Update eases mudslide catastrophe fear

Update eases mudslide catastrophe fear

A huge mudslide first thought to have buried hundreds of people has left only 11 missing with no confirmed dead, authorities said today.

Earlier reports had predicted a catastrophe in Mexico's rain-soaked southern state of Oaxaca.

Interior minister Francisco Blake and Oaxaca governor Ulises Ruiz confirmed the drastically-reduced toll from the slide that hit the town of Santa Maria de Tlahuitoltepec yesterday.

"So far no one is confirmed dead. Eleven are missing," Mr Ruiz said. "We hope that this type of information will continue and they (the missing) will be found."

Initial reports from Santa Maria de Tlahuitoltepec, a rural mountain town 373 miles south east of Mexico City, said a hillside collapsed on hundreds of sleeping residents after several days of heavy rains in the aftermath of a hurricane and tropical storm that hit Mexico and Central America.

Civil protection authorities first reported seven people killed and at least 100 missing, but Mr Ruiz later reported casualties as four dead and 12 missing.

Communications with the town were difficult after the pre-dawn slide. Soldiers and civil protection and Red Cross workers could not reach the area for nearly 10 hours because mud and rocks blocked roads and a bridge was damaged, while bad weather prevented helicopters from being used.

President Felipe Calderon reported on his Twitter account that an army commander and 30 soldiers had reached the town by foot and that there was a lot of damage, but "perhaps not of the magnitude initially reported".

Donato Vargas, an official in Santa Maria de Tlahuitoltepec reached by a satellite telephone, had said as many as 300 homes were believed to have been buried and residents who made it out early in the morning said they had no success digging out neighbours.

"We have been using a backhoe but there is a lot of mud. We can't even see the homes, we can't hear shouts, we can't hear anything," Mr Vargas said.

He said the slide dragged houses packed with sleeping families some 1,300 feet down the hillside along with cars, livestock and light poles.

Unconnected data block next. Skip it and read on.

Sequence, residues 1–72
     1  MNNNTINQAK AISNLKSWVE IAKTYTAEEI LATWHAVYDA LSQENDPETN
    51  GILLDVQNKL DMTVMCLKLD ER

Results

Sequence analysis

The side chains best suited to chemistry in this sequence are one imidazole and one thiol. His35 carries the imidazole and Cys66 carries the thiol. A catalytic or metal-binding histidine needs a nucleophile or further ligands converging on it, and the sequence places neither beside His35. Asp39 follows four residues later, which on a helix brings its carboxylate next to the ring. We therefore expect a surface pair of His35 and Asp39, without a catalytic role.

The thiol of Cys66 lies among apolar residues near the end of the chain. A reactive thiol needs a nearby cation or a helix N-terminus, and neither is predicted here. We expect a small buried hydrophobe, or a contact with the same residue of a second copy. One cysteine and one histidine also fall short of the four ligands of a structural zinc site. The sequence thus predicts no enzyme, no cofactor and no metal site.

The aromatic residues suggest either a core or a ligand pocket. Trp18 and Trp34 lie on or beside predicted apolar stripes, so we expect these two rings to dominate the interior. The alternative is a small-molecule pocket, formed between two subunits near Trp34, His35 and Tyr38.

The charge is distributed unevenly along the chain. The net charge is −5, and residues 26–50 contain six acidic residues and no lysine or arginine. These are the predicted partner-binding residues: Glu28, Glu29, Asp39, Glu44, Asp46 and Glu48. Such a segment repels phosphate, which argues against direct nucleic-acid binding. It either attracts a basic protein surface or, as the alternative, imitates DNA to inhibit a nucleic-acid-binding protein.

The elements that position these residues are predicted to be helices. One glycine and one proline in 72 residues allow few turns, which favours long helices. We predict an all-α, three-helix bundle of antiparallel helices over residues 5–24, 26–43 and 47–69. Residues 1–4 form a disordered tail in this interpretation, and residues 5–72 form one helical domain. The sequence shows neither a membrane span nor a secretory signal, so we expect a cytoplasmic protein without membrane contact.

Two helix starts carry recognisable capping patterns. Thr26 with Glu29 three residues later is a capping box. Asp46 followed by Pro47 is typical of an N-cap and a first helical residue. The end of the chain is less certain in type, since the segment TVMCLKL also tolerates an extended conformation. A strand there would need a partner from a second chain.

"We were all sleeping and all I heard was a loud noise and when I left the house I saw that the hill had fallen," he said. "We were left without electricity, without telephone and we couldn't help them. There was no way to move the mud."

One person was reported killed in a mudslide in another Oaxaca community, Villa Hidalgo, and 30 people were killed on Monday in a slide in Colombia.

Heavy rains, including some delivered by the remnants of Hurricane Karl and then Tropical Storm Matthew, also have produced deadly floods in southern Mexico and Central America.

Oaxaca Civil Protection operations co-ordinator Luis Marin said the state had seen three days of intense rain. The state government warned residents south of the city of Oaxaca of flooding from overflowing rivers and opened shelters in other parts of the state.

Santa Maria de Tlahuitoltepec, which had 9,000 residents in 2005 according to Mexican census data, is a community high in the Sierra Norte mountains known for maintaining its indigenous culture, especially its music.

Residents speak the native language, Mixe, and its youth orchestra plays throughout Mexico.

Mr Vargas said a second hill threatened to give way in another part of town.

"We are in a serious risk situation," he said. "In all of our neighbourhoods there are houses and roads cracked and about to fall."

Huge swathes of riverside communities in southern Mexico were still under water today - flooding made worse by the passage of Karl and Matthew. Before yesterday's landslides, at least 15 deaths in Mexico were blamed on the hurricane.

In Honduras, authorities said four people, including a child, drowned in rivers and creeks swollen by Tropical Storm Matthew.

The National Emergencies Commission said three adults died in the town of El Oregano and a 10-year-old in the Caribbean coast town of La Lima.

In Colombia, about 30 people were killed on Monday by a landslide north west of Bogota, the capital.

Many were changing from one bus to another because a mountain road was blocked, but the residents of five houses also were buried, rescue officials said.

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